A CNET News slideshow that highlighted some predecessors to the Microsoft Surface interface, contained the above photo that you wouldn't exactly expect from a multinational that prides itself on its experience design focus.
But Philips pulled it off. The photo is about as bad as you get: a bunch of researchers, looking distinctively Dutch, seemingly enjoying a family game on the Entertaible computer that Philips Research prototyped last year. The photo is also featured as top choice in the Philips Research News Center.
Philips, with all due respect, what is wrong with you to allow photos like that?So what is good technology photography in a world where the quality of the user experience is more and more what makes or breaks a product or service? Where the trick of the trade is all about understanding real people in real contexts and providing superb value to them? Where you have to get people excited and engaged by showing that a product is relevant for them?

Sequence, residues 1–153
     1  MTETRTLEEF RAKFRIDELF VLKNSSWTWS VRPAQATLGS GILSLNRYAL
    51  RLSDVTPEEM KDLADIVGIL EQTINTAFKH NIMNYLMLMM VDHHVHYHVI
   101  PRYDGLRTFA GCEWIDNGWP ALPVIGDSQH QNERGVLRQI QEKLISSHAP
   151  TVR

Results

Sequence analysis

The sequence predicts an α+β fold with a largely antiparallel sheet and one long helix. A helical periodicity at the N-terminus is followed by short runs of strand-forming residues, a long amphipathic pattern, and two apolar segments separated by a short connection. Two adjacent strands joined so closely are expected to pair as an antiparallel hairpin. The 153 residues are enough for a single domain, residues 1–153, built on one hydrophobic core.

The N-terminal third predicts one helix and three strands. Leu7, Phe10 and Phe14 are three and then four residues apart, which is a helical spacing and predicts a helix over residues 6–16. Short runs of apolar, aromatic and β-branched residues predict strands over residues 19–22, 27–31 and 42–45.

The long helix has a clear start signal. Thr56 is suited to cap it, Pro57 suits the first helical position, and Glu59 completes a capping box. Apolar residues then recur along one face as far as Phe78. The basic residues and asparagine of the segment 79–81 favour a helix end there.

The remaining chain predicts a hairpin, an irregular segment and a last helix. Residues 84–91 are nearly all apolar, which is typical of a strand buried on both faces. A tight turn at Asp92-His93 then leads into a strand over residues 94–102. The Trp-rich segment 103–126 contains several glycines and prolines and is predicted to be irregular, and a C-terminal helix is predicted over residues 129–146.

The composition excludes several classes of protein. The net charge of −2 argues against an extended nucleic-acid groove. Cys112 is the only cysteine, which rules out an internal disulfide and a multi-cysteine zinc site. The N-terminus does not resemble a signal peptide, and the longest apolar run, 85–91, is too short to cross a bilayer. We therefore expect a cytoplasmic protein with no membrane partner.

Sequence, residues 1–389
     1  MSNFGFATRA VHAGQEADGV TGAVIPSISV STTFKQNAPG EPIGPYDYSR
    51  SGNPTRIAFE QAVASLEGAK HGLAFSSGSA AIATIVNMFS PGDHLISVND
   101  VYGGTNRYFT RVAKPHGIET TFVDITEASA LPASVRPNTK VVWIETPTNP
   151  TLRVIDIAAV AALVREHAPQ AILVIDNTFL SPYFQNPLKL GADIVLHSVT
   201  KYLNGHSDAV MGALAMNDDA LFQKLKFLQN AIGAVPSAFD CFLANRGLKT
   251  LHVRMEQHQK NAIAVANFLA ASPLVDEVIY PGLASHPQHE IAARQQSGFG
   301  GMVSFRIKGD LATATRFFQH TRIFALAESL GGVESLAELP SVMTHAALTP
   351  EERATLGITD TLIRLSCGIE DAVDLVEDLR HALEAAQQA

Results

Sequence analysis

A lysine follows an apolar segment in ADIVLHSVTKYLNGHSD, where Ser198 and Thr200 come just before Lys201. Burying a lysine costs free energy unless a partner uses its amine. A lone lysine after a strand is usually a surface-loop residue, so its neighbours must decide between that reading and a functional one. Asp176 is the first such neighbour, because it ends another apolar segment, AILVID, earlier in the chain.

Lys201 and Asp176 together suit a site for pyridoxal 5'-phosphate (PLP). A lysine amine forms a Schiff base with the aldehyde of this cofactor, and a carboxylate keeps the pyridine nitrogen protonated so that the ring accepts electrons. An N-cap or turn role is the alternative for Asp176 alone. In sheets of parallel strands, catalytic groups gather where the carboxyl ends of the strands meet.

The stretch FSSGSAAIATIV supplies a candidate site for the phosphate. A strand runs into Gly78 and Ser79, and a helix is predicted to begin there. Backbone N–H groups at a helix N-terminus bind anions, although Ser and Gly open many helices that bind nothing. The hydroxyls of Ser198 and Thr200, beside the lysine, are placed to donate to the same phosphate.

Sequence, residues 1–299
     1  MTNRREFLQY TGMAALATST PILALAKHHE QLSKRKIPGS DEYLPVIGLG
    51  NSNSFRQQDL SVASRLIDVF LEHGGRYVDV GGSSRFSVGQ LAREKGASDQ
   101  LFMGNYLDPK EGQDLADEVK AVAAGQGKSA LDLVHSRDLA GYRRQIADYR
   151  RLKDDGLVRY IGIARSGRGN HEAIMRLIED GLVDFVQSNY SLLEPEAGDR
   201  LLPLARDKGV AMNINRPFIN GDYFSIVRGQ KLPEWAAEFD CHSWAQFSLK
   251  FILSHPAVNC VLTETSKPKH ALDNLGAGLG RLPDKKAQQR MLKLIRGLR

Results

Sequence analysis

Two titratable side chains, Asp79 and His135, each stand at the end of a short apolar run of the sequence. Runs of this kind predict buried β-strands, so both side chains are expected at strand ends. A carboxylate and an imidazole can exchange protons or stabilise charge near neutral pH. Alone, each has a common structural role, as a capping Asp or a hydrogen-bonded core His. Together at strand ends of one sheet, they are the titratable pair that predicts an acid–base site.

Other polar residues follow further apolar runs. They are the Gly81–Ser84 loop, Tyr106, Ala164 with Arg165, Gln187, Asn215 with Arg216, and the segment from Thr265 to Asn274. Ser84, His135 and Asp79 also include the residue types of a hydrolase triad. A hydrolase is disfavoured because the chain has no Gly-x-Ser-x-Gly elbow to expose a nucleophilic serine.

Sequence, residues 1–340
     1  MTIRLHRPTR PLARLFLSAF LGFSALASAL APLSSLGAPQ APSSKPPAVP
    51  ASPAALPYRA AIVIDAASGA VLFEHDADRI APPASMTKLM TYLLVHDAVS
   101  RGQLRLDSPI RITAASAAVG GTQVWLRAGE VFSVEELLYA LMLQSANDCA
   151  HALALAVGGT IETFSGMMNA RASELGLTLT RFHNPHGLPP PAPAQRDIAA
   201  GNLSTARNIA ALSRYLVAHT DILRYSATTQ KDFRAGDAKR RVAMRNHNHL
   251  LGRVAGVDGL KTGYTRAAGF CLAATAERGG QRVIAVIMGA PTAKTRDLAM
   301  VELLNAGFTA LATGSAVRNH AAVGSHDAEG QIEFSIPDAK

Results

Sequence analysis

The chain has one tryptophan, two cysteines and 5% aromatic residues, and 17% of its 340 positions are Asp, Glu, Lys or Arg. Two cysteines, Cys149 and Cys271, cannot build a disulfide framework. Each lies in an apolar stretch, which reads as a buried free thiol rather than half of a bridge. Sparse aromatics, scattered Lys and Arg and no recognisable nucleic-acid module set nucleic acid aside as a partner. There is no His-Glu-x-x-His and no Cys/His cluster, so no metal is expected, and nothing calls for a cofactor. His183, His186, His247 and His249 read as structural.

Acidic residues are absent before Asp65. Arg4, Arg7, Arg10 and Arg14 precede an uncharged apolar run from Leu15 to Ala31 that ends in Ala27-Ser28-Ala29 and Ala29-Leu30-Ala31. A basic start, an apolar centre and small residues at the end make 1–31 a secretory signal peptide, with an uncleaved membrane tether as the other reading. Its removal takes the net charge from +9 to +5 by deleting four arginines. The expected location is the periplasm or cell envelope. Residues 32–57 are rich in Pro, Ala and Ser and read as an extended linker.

What is photography in a world of contextual user understanding?
I decided to take a quick sample.
The Microsoft Surfacephoto gallery is definitely more professional than the Philips one, but the photos look incredibly staged and aseptic. These people are not real and one glance is enough to get the idea.
Neither is it Apple which is all about glamorizing the product itself -- with a well-manicured hand if needed.
Mark Vanderbeeken is a senior partner at Experientia, an international experience design consultancy, based in Turin, Italy. He is also the author of the successful experience design blog Putting People First. Mark is a specialist in visioning, identity development and strategic communications and worked in Italy, Denmark, the USA and Belgium. He was communications manager of Interaction Design Institute Ivrea, European communications coordinator for the World Wide Fund for Nature (or WWF), marketing director of Gwathmey Siegel & Associates Architects (USA) and chief press officer of Antwerp 93, Cultural Capital of Europe (Belgium).